When I awaken, I see a woman near us. Two bags are between her seat and ours, and she’s half asleep, clutching the bags to her side and moving comfortably with the motion of the bus. The sun is rising far amidst the hills, and I have no idea where we are, just that I’m hungry. I see that Nisha is still fast asleep, but I know she will be too. There is nothing in my bag, for in my hurry, I’d not remembered food. I look around for some vendor, but the bus is as empty as it was last night. Then I notice them. A few carrots, sticking out of the bag near us. I check to see if the lady is really asleep, and take one slowly and put it into my bag.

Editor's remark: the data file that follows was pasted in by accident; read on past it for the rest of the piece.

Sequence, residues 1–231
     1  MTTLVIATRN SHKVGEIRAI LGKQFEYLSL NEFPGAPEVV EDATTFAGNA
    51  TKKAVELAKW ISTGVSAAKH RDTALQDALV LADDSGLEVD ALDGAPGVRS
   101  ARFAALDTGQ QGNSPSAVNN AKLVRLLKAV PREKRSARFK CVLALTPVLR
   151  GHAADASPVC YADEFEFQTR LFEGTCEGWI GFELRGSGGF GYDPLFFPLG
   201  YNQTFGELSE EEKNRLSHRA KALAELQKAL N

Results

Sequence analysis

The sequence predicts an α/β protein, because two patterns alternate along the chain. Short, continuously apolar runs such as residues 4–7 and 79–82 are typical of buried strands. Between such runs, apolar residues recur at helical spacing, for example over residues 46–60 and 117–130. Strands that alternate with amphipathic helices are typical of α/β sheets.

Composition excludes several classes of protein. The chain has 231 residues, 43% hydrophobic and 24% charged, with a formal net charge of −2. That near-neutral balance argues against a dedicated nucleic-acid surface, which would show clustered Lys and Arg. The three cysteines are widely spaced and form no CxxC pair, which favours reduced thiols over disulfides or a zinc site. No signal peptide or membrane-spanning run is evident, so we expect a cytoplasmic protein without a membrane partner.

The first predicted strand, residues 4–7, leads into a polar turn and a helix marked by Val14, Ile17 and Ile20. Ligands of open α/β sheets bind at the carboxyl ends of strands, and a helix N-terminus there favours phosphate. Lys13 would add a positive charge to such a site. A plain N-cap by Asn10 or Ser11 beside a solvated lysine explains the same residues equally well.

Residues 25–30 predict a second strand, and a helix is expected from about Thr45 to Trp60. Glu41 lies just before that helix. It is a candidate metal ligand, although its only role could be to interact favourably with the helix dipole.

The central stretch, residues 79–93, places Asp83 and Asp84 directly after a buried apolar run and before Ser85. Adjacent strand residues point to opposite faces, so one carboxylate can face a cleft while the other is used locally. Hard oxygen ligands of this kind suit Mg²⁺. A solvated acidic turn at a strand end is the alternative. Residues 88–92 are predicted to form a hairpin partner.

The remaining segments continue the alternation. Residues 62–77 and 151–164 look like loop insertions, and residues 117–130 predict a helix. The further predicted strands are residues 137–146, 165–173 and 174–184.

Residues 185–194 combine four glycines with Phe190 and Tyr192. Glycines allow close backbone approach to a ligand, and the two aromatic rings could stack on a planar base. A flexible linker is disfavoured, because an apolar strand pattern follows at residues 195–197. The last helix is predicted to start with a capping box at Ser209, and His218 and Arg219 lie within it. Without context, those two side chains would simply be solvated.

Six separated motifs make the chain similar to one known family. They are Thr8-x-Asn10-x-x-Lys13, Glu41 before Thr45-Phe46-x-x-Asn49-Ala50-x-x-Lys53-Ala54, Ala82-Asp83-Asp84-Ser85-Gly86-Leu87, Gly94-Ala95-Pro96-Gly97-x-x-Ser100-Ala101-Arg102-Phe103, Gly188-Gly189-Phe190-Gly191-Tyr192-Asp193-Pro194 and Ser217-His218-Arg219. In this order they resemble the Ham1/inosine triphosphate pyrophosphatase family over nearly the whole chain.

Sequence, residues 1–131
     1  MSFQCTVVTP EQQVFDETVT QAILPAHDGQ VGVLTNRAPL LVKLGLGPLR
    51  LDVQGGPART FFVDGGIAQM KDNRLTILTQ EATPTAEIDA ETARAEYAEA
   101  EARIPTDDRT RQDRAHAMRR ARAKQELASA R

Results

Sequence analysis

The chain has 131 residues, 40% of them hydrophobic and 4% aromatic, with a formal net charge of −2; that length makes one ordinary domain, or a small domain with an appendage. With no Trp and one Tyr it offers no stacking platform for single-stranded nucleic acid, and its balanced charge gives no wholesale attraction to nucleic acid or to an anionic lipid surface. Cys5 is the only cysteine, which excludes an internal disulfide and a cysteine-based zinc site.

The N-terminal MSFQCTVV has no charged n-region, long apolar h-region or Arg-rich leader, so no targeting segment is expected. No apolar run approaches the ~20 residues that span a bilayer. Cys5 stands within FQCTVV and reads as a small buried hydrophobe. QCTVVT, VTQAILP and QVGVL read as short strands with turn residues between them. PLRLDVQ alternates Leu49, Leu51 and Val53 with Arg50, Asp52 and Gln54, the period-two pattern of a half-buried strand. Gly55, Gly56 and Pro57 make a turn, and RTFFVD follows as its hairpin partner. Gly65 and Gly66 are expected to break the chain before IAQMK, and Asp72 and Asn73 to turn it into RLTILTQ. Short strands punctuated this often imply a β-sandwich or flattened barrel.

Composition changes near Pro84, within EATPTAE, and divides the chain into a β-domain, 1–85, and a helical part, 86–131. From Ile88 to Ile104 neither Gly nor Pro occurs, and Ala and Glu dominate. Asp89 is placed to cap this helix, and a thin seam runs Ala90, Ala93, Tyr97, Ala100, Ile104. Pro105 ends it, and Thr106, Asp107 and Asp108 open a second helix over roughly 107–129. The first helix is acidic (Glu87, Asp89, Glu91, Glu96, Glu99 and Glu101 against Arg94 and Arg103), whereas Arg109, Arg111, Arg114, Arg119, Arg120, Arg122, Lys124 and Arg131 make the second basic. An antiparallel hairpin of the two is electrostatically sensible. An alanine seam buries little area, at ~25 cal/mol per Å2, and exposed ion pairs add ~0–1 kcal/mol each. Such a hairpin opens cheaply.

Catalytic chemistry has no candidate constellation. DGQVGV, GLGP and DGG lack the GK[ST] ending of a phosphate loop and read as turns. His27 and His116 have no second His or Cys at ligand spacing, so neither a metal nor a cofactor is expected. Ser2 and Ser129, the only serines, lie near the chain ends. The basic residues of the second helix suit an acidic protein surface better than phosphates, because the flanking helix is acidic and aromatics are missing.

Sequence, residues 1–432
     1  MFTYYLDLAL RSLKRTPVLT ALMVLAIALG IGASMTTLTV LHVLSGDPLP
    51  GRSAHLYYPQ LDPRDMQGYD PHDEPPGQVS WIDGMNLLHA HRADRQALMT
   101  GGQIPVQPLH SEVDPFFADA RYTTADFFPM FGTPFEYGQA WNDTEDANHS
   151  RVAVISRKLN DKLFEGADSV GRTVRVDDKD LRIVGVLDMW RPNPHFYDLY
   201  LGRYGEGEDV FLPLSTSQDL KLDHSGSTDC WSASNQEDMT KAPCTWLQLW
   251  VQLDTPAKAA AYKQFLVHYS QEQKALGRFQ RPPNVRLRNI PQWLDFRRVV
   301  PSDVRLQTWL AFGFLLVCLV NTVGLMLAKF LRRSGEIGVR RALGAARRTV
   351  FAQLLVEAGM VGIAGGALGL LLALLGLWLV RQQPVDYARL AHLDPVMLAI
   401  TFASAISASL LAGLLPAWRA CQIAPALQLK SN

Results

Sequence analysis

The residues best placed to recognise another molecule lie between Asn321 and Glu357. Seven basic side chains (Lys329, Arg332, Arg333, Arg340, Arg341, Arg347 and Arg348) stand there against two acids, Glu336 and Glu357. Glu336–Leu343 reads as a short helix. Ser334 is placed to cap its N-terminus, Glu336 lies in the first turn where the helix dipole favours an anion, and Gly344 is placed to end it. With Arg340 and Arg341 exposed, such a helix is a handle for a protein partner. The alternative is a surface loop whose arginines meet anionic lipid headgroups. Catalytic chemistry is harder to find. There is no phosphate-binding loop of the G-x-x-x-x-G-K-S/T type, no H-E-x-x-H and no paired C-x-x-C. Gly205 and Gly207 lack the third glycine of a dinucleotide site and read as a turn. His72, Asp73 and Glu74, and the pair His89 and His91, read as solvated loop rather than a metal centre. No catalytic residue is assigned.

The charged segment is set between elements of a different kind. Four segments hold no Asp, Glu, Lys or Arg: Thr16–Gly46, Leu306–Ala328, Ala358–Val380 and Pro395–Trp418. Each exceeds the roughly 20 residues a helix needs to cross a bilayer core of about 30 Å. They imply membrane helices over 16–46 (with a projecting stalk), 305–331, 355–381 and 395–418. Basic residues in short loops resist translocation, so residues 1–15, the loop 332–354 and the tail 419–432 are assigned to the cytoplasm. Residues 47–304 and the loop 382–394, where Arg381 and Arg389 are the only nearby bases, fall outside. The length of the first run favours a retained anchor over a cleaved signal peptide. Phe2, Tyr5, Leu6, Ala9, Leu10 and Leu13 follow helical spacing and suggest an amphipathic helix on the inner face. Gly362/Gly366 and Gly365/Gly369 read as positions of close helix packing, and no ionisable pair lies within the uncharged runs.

She wakes up just as the bus enters the city of Dehradun, and gets ready to alight. Seeing me looking at her, she smiles warmly and greets me, asking my name and where I am going. I try to lie to her, but perhaps it is the kindness in her eyes that makes me trust her immediately. I recount to her, what happened over the last day, and why we had taken that bus. She was shocked by our story. Still smiling, she asks us to come with her when she alights, that she will look into what needs to be done. Her gesture touches me and I start to cry, my tears falling on to Nisha and waking her. The woman takes my hand and comforts me, but I take it away and apologize, giving back the carrot I’d taken from her. To my surprise, she takes my hand again and says it is okay. As we walk behind her, I wonder if God exists, and if He does, is it He who sent this woman to us?